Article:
At mile 16 I spot one of my first cousins and just like last year my mind has gone completely blank as to his name even though I ordinarily would know it instantly. I guess some neurological deficiency happens when one forces oneself through time and space at a rate that is more intense than usual. Many runners have reported the same thing.

The miles go by one at a time and I’m totally in the zone and am glad I didn’t pollute my ears with music. “A wild animal on the hunt does not dull any of his five senses if he wishes to succeed,” I think, “every sound or smell could signal danger, or dinner”.

I genuinely believe that man’s ability to run was a crucial part of evolutionary success in terms of hunting and that the reason one feels so euphoric afterwards is because the body is wired in such a way as to need such prolonged intense exercise to be able to function optimally.

Right and left of me are scattered casualties of the battle to get to the finish line. Some are stretched, some vomiting, some being carried along, presumably to medical tents or maybe ambulances. I even spot a few casualties that are wearing the €300 Nike Vaporflys. “Perhaps the Lamborghini power of such shoes is too much for mere mortals,” I think wryly.

Part 4: End and Final Thoughts.

I can feel my blood pulsing around my body. I feel it in my fingers, I feel it in my toes, blood is pumping all around me, and some are no longer on their toes. Yes, yes I am paraphrasing Wet, Wet, Wet. You know, that song from Four Weddings And A Funeral with Hugh Grant who had great hair in his day.

Speaking of funerals, I often have it in my head that I might drop dead at a marathon. As many of you know, I’ve been on a rather unconventional diet for the last year. One that is mostly devoid of carbohydrates and even fruit and vegetables. The idea of such a low carb diet is that you deprive your body of glucose so that it is left with no choice but to burn its own fat for energy. I once read that the body is only capable of storing glucose for about 90 minutes of intense exercise. On the other hand, it can store enough fat to keep a body alive for weeks, even months, so that it seems logical to me that fat burning should be our primary fuel source.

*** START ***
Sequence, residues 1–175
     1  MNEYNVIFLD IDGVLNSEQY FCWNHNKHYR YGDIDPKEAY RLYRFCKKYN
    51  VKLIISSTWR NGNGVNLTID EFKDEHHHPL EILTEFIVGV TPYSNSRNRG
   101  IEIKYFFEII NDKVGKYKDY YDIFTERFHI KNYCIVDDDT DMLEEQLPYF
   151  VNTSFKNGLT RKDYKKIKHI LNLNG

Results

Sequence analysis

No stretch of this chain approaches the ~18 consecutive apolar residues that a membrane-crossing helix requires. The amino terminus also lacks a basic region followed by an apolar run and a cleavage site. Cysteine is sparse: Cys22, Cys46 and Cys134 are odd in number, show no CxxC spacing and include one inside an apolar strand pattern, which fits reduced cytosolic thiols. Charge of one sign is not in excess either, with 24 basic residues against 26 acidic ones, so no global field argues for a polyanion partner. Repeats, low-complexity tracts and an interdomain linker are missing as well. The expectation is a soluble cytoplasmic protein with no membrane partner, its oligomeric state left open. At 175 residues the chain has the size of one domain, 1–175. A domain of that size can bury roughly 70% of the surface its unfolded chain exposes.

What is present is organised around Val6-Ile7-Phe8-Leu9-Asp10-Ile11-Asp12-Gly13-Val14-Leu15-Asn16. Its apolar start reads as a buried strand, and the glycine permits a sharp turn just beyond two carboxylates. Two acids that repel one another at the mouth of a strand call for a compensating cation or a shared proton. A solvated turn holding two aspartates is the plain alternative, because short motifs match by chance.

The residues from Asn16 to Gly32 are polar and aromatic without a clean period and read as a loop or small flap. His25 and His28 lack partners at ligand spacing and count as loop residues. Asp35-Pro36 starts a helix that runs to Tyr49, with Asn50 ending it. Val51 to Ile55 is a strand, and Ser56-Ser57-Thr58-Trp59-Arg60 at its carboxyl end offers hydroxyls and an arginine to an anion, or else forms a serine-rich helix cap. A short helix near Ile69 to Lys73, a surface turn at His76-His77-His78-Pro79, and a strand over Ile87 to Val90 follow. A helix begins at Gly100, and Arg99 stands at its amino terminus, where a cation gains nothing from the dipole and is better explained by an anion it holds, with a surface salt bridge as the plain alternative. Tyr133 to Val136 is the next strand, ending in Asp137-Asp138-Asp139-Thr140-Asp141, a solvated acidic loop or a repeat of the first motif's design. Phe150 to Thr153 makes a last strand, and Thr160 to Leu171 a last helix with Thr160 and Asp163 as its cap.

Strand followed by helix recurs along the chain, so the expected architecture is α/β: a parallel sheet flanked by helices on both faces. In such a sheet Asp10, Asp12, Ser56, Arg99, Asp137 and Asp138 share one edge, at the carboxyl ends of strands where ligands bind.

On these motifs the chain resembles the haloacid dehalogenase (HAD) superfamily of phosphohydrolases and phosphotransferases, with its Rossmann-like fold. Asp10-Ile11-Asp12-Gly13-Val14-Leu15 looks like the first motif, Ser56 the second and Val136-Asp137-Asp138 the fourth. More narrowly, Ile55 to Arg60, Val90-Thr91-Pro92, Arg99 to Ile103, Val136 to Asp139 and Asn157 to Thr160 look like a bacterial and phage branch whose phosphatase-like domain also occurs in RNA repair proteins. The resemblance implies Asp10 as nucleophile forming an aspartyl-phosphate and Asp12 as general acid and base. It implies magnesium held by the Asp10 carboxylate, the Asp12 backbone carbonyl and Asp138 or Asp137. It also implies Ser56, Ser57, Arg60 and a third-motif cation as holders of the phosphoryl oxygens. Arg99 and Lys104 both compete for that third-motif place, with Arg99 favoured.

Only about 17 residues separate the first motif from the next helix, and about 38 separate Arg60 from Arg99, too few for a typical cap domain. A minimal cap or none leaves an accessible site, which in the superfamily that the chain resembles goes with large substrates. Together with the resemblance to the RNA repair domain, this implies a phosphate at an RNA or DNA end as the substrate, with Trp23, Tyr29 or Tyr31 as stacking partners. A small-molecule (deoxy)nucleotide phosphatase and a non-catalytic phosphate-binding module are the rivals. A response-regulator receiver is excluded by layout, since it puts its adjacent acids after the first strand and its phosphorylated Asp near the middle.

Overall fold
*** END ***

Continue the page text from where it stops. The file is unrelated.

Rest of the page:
Since adopting an often almost zero carb diet I have done the best running of my life. And I seem to keep getting even better*.

In the past, a big part of my training was simply fighting carbohydrate bloat. But no matter how much I trained I could not get my weight where I wanted it. The problem, I believe, being that exercise increases hunger and so that one simply eats more and so no weight is lost.

On a very low/often zero carb diet my natural tendency is to eat only when hungry and so my weight is maintained whether I exercise or not. I do not calorie count, I do not eat at set times, and I always eat till I feel full. And my weight stays at a steady 12 stone 7 naturally. The only way to go below this, for me, is to fast. Last year at the marathon I was 12 stone but was incorporating one 24 hour fast per week. Two years ago I was a fat and fatigued 15 1/2 stone and feeling like death. But that’s enough about that. Have a look at Tim Noakes’ lectures on YouTube to learn more.

Having restarted my Garmin at the halfway mark I see that it has gone beyond 13.1 miles which means the race should really be finished and yet I hear a commentator shout “well done, just under a mile left”. Now, either my watch is very off or I have taken the scenic route. And that last mile is hell. It feels like climbing a mountain, thinking you are at the top, and then, once you poke your head over what you perceive as the top you realise there’s another big ascent ahead of you.


I keep going anyway. It’s too late to quit now. Like a heart patient getting their chest paddled in the back of an ambulance on the way to hospital I have to hold on…to cling to life….just….a….little…..longer….

I cross the line in 3:04 which is over six minutes faster than last year. But I can’t stop. Blood is still pounding around my body and I fear my head might explode and my body hit the tarmac if I stop dead. And so I, instead of hitting the brakes, let my engine drift to a stop in a natural way.

Today, unlike last year, I was unconcerned about times, and started the race at a pace which felt like a bit less than what I was able for. I was not racing to beat anybody nor concerned about achieving anything. I had a vague idea that maybe I could do better than last year since I felt much better today than the skinnier, overtrained version of myself a year previously. My aim was simply to hope I could be a little bit better than the person I was yesterday, not to push beyond my limits. I aimed lower and hit higher, as per the title of this post.

Striving to be better versions of ourselves with each passing day is all any of us can hope to do. Maybe we will not manage it. But we must try. We must have hope. After all, what else is there?

Thanks for reading 🙏


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*I suck down a handful of gels on race days once I am about 5 miles in but do not “carb load”. Glucose is higher octane but low carb diets force the body to be less reliant on having to consume calories, since body fat is readily available on even the leanest athletes, and so one can run much more miles with much more stamina. That is the theory anyway. Indeed, Irish 24 Hour Ultra Running Champion, Eoin Keith, says he has competed and set records in 24 hour races on almost no food.